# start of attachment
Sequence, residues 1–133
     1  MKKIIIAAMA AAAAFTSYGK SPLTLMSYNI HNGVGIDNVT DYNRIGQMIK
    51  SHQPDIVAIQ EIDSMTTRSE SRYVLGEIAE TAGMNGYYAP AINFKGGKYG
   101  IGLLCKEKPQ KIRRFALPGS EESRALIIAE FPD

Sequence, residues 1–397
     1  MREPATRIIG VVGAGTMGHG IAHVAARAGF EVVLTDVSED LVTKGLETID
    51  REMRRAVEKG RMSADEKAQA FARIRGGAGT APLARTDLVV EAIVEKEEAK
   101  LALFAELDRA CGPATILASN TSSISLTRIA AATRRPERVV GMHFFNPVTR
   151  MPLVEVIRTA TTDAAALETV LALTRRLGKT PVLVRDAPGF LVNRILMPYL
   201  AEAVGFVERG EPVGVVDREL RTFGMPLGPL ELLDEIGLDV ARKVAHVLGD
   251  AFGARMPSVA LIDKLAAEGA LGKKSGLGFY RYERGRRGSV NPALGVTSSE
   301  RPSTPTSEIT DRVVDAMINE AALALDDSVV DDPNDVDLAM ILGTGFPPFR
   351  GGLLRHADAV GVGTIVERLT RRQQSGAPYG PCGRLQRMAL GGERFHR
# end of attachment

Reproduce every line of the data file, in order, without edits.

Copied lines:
Sequence, residues 1–133
     1  MKKIIIAAMA AAAAFTSYGK SPLTLMSYNI HNGVGIDNVT DYNRIGQMIK
    51  SHQPDIVAIQ EIDSMTTRSE SRYVLGEIAE TAGMNGYYAP AINFKGGKYG
   101  IGLLCKEKPQ KIRRFALPGS EESRALIIAE FPD

Sequence, residues 1–397
     1  MREPATRIIG VVGAGTMGHG IAHVAARAGF EVVLTDVSED LVTKGLETID
    51  REMRRAVEKG RMSADEKAQA FARIRGGAGT APLARTDLVV EAIVEKEEAK
   101  LALFAELDRA CGPATILASN TSSISLTRIA AATRRPERVV GMHFFNPVTR
   151  MPLVEVIRTA TTDAAALETV LALTRRLGKT PVLVRDAPGF LVNRILMPYL
   201  AEAVGFVERG EPVGVVDREL RTFGMPLGPL ELLDEIGLDV ARKVAHVLGD
   251  AFGARMPSVA LIDKLAAEGA LGKKSGLGFY RYERGRRGSV NPALGVTSSE
   301  RPSTPTSEIT DRVVDAMINE AALALDDSVV DDPNDVDLAM ILGTGFPPFR
   351  GGLLRHADAV GVGTIVERLT RRQQSGAPYG PCGRLQRMAL GGERFHR